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4 Non-obvious Reasons Why AEs are not Hitting Quota

Camille Trent

Aug 08, 2022

4 Non-obvious Reasons Why AEs are not Hitting Quota

When AEs aren’t hitting their quotas, you’ll often find that the culprits are pretty much the same…

Bad product-market fit, unrealistic quotas, or simply an underproductive salesperson.

But what if there was another way to think about this issue? That’s what we chat about with Michelle Pietsch, VP of Revenue at Dooly, on this episode of The Revenue Playbook. Michelle delves into the less obvious reasons why AEs don’t hit their targets.

She also shares tips on how to teach AEs to streamline their sales process and how to set realistic quotas.

Keep reading for the key takeaways from this episode or listen to the full podcast below.

Reasons why your AEs aren’t hitting their quotas

With around a whopping 40% of salespeople not hitting their quotas, it’s safe to say that there have to be other factors at play besides the obvious product-market fit or general unproductivity.

While exploring some of those underlying reasons, here are some of the things Michelle pointed out.

1. Your AE’s day-to-day activities

If you want to understand what’s stopping your reps from hitting their mark, then it’s a good idea to look at a day in their work life.

Michelle recommends you shine a light on areas like:

  • How many inbound leads they get and what they’re doing from an outbound perspective?
  • How many demos they have every day or week to generate pipeline (If you’re demo-driven)?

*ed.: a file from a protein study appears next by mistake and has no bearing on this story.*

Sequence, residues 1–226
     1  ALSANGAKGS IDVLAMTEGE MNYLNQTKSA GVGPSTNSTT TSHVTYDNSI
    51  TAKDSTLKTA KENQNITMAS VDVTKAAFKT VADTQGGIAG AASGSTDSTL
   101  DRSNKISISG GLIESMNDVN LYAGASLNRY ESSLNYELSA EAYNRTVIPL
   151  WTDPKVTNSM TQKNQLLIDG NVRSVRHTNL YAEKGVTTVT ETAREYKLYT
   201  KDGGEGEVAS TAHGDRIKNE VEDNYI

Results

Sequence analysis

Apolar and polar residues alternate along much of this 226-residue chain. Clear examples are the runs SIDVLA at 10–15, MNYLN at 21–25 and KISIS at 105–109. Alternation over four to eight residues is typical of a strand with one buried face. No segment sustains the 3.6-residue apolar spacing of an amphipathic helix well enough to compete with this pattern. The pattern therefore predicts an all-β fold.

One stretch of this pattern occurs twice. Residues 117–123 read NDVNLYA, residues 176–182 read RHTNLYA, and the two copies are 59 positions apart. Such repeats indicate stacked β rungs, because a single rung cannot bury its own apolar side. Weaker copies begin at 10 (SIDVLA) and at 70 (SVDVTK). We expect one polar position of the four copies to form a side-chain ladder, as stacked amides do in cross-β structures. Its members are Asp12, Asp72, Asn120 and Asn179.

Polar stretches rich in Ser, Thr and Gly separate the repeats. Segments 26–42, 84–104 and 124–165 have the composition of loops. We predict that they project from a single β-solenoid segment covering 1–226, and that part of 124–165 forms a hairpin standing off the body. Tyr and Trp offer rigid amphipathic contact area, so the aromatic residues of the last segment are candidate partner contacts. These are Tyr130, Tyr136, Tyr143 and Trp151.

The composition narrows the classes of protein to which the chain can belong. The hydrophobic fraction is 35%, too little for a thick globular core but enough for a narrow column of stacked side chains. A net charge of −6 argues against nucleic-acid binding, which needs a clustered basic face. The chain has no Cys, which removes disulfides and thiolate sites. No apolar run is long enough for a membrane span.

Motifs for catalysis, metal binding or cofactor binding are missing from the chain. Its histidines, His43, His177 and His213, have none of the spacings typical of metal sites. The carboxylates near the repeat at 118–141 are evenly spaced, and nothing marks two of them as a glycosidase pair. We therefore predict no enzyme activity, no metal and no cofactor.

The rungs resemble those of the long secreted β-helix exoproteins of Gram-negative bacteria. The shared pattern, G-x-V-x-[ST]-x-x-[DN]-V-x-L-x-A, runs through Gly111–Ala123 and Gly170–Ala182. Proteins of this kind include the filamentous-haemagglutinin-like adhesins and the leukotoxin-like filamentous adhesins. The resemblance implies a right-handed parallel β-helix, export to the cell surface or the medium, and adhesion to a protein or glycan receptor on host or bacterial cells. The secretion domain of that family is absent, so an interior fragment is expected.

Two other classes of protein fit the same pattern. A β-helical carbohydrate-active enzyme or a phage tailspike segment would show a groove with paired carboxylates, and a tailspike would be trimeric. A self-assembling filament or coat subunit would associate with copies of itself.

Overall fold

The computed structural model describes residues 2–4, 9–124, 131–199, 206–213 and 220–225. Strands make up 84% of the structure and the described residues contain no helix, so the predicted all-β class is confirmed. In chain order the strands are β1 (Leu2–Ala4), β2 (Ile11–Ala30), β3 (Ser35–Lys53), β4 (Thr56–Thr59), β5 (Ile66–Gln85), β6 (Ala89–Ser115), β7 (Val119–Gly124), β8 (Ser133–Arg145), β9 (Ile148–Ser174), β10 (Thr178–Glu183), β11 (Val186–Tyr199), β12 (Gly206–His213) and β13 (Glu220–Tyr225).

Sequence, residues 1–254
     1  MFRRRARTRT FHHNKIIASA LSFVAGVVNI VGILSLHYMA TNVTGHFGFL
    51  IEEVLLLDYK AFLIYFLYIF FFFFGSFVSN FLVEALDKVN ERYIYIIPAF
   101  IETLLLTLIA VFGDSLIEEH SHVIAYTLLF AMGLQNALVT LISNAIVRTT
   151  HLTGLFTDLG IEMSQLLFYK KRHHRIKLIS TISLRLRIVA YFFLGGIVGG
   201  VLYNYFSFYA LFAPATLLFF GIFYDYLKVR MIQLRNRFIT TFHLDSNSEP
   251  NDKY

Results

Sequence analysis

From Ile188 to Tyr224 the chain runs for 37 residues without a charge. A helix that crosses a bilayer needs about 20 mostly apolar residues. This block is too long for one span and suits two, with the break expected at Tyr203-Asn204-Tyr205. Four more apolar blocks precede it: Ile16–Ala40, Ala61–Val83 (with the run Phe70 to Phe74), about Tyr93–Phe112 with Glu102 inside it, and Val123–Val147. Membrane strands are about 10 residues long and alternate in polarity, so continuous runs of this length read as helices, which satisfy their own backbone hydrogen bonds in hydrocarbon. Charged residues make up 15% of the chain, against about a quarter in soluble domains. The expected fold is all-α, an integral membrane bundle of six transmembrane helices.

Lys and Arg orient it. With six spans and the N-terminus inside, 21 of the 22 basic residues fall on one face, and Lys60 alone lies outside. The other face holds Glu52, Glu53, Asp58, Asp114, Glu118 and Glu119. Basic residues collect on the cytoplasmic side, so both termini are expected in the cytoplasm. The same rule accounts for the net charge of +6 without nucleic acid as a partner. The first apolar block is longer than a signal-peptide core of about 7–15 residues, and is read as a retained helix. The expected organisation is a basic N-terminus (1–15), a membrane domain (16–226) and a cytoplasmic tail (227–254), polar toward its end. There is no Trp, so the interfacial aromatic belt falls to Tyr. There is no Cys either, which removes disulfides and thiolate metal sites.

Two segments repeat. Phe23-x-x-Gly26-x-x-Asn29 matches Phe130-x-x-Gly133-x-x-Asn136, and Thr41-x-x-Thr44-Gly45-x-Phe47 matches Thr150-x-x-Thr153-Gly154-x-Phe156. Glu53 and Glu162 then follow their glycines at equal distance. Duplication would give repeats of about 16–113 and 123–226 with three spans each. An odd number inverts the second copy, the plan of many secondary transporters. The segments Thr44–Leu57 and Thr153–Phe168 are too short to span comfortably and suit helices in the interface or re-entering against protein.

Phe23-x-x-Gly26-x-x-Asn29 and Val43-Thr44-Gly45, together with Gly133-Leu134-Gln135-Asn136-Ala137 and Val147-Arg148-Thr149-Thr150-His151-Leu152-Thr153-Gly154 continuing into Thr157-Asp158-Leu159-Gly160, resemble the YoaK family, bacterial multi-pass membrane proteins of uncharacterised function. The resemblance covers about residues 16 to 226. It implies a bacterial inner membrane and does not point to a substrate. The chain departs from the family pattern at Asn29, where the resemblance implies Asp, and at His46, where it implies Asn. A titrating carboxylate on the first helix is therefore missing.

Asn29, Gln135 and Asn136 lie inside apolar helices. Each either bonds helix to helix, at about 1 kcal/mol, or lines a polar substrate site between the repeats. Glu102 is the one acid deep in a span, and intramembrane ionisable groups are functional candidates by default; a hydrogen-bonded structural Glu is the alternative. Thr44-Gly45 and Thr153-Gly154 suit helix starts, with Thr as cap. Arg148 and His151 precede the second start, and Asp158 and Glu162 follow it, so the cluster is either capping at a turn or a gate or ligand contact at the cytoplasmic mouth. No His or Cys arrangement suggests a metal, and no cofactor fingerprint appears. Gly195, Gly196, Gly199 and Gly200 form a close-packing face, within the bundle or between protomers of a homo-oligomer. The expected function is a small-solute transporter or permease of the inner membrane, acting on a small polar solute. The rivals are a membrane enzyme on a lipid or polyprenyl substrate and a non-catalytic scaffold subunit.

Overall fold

• Does the individual get inbound leads?
  • … and if they do, what are the sources of those leads?
  • What’s their messaging, and even more, what’s their cadence?

The list could go on and on.

The point here is that there are so many layers to unpack when it comes to your AEs’ daily activities. If something is going wrong at one level, then it’s bound to cascade into another.

Bottom line, digging into how they conduct themselves at different stages of the sales funnel can prove useful when pinpointing why they’re not as productive.

2. The individual rep

Going in, it’s important to understand that every salesperson is different. Sure, they’re doing the same job, but they need different things to help them reach their maximum potential.

So, it’s important to consider factors like:

  • How the rep prefers to be coached
  • Whether they’re in the right segment
  • What drives them
  • Their sales process

Making moves to understand what drives them and how they function best can go a long way when it comes to helping them reach their quotas.

3. Context switching

The importance of making an effort to understand your salesperson’s process cannot be overemphasized. It’s easy to stand on the outside, doling out metrics they should be hitting when you don’t quite have a full picture of how many tasks they have to juggle.

That’s where this issue of context switching arises. Most times, it takes quite a lot out of an individual for them to rapidly switch from one activity to another. According to Michelle, it’s incredibly rare to find people that can jump from one task to another without losing focus along the line.